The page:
The two triangular wedges of land that mirror each other (map above) are both excellent areas for the migration-related activity in the months from July to October, with a preference for the Tanzania side because of the river crossings on the Mara river. There is some debate whether to stay on the south side of the Mara river in the Lamai area or the north side. We opted for the south side because we were visiting in October, when the herds are moving south and therefore there’s a better chance of watching a herd crossing the river toward you (from north to south). To witness river crossings in Kenya you need to be further east, where the Mara river crosses between Kenya and Tanzania or at the confluence area of the Mara and Talek rivers.
There is some wildlife in this area year round, but the Great Migration is the reason to visit here. Unfortunately the Kenya/Tanzania border can’t be legally crossed here — you need a few flights and between half day to a full day to move from the Mara Triangle to the Lamai area.
Exploit Shoulder Seasons for the Great Migration
There are two peak events that draw tourists to the migrating herds: the calving season in the southern Serengeti and and the river crossings in the north. We visited Tanzania in the shoulder seasons in both of these locations — late February in the south and mid October in the north. At a river crossing at #9 (see our post on river crossings here) we were the only jeep! The most jeeps we counted at one crossing was 20 jeeps, but our guide told us that a few months prior (in August) he counted up to 70 jeeps.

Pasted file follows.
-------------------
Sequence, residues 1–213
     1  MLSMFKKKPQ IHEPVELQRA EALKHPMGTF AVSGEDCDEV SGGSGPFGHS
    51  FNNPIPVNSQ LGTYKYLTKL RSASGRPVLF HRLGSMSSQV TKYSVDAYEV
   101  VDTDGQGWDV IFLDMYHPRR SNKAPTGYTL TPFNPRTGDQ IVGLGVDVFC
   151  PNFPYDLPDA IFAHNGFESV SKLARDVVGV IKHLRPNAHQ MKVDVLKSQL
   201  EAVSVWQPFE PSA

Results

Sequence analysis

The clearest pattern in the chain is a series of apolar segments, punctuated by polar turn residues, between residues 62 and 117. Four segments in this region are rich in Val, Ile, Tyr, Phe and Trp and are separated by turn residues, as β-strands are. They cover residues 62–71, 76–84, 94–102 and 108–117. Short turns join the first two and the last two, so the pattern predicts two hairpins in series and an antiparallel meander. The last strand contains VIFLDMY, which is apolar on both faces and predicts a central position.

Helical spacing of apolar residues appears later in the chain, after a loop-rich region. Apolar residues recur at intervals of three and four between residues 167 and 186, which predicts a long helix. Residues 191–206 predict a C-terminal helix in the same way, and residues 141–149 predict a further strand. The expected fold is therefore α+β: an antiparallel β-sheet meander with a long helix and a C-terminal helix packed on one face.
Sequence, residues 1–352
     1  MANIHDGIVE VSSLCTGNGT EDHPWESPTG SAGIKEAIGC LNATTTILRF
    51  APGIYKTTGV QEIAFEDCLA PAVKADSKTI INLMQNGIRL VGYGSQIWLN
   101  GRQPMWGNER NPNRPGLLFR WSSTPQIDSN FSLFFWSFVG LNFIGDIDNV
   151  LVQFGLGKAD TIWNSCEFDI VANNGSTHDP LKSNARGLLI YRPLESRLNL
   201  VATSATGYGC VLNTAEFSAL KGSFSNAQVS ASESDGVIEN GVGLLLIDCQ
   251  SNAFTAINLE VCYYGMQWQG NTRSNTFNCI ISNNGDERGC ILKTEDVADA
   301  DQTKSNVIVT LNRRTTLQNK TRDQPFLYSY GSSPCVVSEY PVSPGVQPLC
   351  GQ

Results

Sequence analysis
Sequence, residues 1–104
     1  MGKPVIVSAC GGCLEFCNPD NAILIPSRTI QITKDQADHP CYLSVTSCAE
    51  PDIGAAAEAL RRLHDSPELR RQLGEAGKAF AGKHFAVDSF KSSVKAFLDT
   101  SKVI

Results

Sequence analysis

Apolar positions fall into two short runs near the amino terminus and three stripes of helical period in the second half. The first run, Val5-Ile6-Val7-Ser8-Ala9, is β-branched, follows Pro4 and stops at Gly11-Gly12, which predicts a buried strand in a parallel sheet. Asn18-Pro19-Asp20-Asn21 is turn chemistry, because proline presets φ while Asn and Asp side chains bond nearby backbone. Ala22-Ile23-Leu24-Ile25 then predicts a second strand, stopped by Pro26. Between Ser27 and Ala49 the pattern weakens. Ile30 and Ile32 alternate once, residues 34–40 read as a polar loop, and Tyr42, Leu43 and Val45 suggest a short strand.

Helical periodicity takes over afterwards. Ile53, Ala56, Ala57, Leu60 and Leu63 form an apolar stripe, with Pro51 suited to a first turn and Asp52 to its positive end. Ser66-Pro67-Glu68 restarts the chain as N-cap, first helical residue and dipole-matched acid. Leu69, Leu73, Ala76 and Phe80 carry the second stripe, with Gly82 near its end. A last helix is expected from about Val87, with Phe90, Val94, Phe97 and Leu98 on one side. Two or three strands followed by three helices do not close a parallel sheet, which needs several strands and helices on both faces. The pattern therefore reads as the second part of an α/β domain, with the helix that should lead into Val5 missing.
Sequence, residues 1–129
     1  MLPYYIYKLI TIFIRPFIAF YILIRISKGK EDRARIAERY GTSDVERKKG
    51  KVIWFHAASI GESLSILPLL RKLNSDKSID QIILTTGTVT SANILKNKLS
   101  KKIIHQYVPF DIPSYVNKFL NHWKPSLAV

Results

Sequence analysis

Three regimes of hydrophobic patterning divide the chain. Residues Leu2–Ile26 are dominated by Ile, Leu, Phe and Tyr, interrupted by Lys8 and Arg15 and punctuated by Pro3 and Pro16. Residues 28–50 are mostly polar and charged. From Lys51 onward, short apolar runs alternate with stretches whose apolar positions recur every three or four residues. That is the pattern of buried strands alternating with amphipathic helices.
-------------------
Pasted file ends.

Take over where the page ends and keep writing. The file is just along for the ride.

Summary of TIPS
1 AVOID: The peak season, which is roughly July to September (depending on the year) when the herds are in the northern Serengeti, and avoid the areas in red on the map above (A, B, C).
2 Be flexible with booking dates (don’t book a year in advance), because the rains vary from year to year, and it is the rains that drive the migrating herds.
3 Off-season: Late January to March in the southern Serengeti for calving season. Or early June, in the Western Corridor, or mid October to November in the northern Serengeti.
4 If you must travel during peak-season, opt for the more expensive private reserves of the North Mara Conservancies or western Grumeti Reserves.
5 In the Serengeti, the further away from Seronera, the less congestion there is.